BACKGROUND The aim was to investigate the effect of tiapride (100 mg three times a day for at least one month) on outcome following detoxification.
METHOD The setting was a tertiary referral centre. The study design was randomised, double-blind, and placebo-controlled. One hundred routinely admitted alcohol-dependent patients were entered, and 54 completed the trial. Outcome was assessed by considering drinking status at three months and six months follow-up, and by comparing psychological status at intake and follow-up using the Crown-Crisp Experiential index, the Litman Self-esteem scale and a Satisfaction with Life Situations scale. We also compared performance over the six months before admission with the three and six months of follow-up on measures of health, social and drinking variables.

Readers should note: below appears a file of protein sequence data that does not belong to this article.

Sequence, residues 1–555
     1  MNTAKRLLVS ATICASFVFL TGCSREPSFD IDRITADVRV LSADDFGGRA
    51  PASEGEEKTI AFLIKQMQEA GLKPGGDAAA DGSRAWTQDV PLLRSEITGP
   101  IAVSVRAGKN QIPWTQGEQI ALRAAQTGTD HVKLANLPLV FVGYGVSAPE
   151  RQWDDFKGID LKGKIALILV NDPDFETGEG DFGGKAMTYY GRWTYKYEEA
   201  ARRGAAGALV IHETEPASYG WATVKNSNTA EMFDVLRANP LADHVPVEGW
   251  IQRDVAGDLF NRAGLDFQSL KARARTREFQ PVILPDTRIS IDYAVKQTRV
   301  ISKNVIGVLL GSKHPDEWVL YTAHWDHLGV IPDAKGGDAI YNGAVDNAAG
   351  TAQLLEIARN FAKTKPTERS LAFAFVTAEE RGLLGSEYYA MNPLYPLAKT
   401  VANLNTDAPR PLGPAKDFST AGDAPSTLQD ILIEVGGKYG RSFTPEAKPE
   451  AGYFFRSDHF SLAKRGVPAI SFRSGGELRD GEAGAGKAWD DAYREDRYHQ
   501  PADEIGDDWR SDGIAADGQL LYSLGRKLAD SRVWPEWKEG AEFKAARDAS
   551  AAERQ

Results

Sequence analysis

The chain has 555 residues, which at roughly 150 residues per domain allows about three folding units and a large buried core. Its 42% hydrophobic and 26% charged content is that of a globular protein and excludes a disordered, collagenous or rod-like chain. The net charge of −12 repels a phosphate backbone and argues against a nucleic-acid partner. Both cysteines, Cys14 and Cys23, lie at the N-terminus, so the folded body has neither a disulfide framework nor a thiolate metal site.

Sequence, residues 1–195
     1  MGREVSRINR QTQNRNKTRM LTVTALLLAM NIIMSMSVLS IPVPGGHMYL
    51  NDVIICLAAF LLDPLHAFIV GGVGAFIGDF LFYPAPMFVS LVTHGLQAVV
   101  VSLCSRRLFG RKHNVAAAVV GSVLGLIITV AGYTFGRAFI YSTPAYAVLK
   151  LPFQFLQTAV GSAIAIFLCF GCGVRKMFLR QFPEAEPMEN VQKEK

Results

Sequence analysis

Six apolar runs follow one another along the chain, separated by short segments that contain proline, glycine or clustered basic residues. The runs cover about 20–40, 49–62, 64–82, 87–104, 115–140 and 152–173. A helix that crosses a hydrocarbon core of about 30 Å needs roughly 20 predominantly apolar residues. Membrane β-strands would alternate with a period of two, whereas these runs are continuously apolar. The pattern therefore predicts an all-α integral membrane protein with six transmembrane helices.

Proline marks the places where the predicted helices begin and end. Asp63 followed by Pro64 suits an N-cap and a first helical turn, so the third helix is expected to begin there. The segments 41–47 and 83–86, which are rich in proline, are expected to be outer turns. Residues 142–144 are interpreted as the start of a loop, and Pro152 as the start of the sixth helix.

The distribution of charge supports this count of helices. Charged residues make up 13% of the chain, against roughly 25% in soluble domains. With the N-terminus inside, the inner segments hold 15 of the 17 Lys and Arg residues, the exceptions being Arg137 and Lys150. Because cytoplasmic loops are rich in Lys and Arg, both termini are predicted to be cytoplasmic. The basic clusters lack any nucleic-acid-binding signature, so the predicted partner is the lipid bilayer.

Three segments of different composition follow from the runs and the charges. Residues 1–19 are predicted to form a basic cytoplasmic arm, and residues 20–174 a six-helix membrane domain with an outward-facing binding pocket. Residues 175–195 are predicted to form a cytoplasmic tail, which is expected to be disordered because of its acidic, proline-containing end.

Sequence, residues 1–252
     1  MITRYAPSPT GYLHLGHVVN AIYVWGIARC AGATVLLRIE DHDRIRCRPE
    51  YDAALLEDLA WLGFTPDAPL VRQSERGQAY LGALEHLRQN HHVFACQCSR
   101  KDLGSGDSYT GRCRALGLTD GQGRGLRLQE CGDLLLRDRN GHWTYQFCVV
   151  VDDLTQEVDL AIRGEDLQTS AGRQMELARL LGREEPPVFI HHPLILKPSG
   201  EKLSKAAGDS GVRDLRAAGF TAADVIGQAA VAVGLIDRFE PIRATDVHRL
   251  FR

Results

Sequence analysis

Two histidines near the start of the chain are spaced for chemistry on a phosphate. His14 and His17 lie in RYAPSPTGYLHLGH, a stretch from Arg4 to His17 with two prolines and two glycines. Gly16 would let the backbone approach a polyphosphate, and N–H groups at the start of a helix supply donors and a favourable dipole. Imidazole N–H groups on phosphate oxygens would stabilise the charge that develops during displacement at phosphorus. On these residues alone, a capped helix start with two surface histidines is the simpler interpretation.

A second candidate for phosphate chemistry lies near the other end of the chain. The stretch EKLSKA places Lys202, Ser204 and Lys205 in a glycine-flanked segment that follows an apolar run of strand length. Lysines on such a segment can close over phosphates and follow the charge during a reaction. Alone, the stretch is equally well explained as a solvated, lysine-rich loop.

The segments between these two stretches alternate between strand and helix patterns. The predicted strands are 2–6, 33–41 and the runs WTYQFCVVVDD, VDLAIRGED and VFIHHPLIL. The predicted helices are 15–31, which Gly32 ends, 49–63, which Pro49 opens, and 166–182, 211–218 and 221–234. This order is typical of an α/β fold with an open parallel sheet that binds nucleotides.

RESULTS Tiapride proved better (usually at statistically highly significant levels) than placebo at promoting: abstinence, self-esteem, and satisfaction with life situations; and at reducing: alcohol consumption, use of health service resources, and levels of neuroticism.
CONCLUSIONS Tiapride merits serious consideration in the longer-term treatment of alcoholic patients.